12 Blakes Road, Belfast, Christchurch
List Entry Information
List Entry Status
List Entry Type
Historic Place Category 2
Private/No Public Access
6th September 1984
Extent of List Entry
Extent includes the land described as Lot 1 DP 468510 (CT 632096), Canterbury Land District and the building known as Spring Grove thereon.
Lot 1 DP 468510 (CT 632096), Canterbury Land District
The dwelling known as Spring Grove at 12 Blakes Road, Belfast, Christchurch, is a substantial late Victorian ‘Queen Anne’ villa built for proprietor of the Kaputone Wool Scouring Company, William Nicholls, and his wife, Sarah, in circa 1896. It reflects the taste and lifestyle of a notable businessman and his family in the late nineteenth and early twentieth century and has long been associated with the stock processing industry, which was critical in Belfast’s development. The dwelling has historical, social, cultural, aesthetic and architectural significance.
The area north of Christchurch was well known and used by Māori long before Belfast was developed by Pākeha as a town when Canterbury’s first meat-freezing works were built there in 1883, and it continues to have significance to Ngāi Tahu. In the late 1850s Robert Duncan took up a Crown Grant and purchased 60 acres of Rural Section 513, which he called Spring Grove, after the natural springs in the Kaputone Stream which meandered through the property. Duncan established a farm with sheep and cattle and built a house and outbuildings. He gradually increased the size of the property and in 1883 sold to farmer and politician Edwin Blake. In 1896 Blake sold to Sarah Sheldon Nicholls, wife of William Nicholls, and the couple removed the existing dwelling from the 100 acre property and had a large new residence constructed on the site.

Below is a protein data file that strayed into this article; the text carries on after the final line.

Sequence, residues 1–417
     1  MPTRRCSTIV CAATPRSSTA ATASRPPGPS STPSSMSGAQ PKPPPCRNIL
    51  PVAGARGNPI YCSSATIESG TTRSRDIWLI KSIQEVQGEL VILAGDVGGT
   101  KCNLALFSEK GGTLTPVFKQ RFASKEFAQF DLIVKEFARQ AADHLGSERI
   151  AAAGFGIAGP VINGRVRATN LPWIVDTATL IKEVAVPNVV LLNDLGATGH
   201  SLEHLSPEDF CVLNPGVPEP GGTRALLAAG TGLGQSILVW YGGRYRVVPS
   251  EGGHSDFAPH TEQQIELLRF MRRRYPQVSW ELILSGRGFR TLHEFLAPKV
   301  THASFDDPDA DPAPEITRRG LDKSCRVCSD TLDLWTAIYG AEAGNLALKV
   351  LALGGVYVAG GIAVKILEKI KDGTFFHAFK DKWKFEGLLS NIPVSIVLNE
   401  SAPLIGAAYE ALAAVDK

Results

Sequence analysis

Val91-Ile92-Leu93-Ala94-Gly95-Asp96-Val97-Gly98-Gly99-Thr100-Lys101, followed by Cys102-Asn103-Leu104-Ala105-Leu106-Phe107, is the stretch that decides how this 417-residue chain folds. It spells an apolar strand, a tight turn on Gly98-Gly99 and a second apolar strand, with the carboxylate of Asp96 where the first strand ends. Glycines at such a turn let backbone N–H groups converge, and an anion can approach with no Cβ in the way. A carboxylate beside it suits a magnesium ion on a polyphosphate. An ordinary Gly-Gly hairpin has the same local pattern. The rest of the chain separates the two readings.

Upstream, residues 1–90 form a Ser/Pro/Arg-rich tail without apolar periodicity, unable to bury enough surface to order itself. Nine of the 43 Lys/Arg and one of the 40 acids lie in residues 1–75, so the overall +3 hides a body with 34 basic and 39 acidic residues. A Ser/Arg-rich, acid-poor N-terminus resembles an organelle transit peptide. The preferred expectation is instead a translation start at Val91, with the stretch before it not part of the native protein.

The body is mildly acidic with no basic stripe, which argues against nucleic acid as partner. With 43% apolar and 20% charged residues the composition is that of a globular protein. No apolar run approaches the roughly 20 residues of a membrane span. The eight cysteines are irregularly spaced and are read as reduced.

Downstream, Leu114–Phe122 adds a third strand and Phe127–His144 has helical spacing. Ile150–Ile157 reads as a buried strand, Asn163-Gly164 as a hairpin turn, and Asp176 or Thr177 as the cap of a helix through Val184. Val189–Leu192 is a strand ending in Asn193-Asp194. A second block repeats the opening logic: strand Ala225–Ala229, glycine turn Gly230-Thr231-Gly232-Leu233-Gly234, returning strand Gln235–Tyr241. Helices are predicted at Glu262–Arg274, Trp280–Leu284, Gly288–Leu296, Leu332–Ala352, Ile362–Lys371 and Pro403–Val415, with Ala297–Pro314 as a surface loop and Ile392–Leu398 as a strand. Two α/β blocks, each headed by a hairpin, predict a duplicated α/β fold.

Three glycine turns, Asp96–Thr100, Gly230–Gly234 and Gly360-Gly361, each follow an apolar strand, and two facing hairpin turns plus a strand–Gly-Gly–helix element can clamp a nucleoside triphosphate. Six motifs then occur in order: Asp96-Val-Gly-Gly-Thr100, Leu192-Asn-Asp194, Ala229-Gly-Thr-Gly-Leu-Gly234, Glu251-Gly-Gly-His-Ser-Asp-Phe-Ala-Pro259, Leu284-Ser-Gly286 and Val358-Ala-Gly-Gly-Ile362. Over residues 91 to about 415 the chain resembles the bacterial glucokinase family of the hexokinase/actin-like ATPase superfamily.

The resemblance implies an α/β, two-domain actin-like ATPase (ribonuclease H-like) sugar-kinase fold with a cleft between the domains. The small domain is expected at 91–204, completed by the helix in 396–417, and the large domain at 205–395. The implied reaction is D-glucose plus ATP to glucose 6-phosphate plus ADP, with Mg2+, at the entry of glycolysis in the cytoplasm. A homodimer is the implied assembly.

This dwelling, named Spring Grove after the farm, is situated on what is now a relatively small land parcel within a much larger open area on the south-east side of Blakes Road in Belfast, north of Christchurch. Outside the extent of the List entry, the house is approached by a long tree-lined driveway beside the Kaputone Stream and there are remnants of nineteenth century farm buildings. The house is a two storeyed late Victorian Queen Anne style building constructed of kauri lapped weatherboards, brick chimneys and an iron roof. It has a double height verandah extending along the north-east and north-west sides of the house, with cast iron balustrades on the upper level and intricate cast iron work below the roof. The roof comprises a series of gable and hipped roof forms. The gable end facing north-east has fretted bargeboards and a turret sits at the northern corner. Fenestration includes boxed bay and double hung sash and bi-folding windows. A series of lean-tos are at the south-west rear. Interior features include high plastered ceilings, and an elegant main staircase.
With James M Watt, William Nicholls ran the New Zealand Provision and Produce Company and, after Watt’s death in 1892, Nicholls took over the wool scouring side of the business, calling it the Kaputone Wool Works. William and Sarah raised their family at Spring Grove and both took a keen interest in public affairs. Sarah Nicholls died in 1911 and in 1917 William moved to Mona Vale in Fendalton but their son, Aubrey, remained at Spring Grove, breeding race horses. In 1922 Aubrey sold Spring Grove to the Canterbury Frozen Meat Company, and for many years it was used as accommodation for its senior managers. Over time, small alterations have been made to the building, including the replacement of most timber fire surrounds. More substantial alterations were made in 1996, under the architect Chris Prebble, which involved the lean-to containing the bathroom and alterations to the family room to incorporate French doors.
No biography is currently available for this construction professional
26th March 2018
Report Written By
Dave Pearson Architects Limited, Spring Grove: A Heritage Assessment, March 2009
Homes of the Pioneers
Mair, A J and J A Hendry, Homes of the Pioneers, 1966
Please note that entry on the New Zealand Heritage List/Rarangi Korero identifies only the heritage values of the property concerned, and should not be construed as advice on the state of the property, or as a comment of its soundness or safety, including in regard to earthquake risk, safety in the event of fire, or insanitary conditions.
A fully referenced upgrade report is available on request from the Southern Regional Office of Heritage New Zealand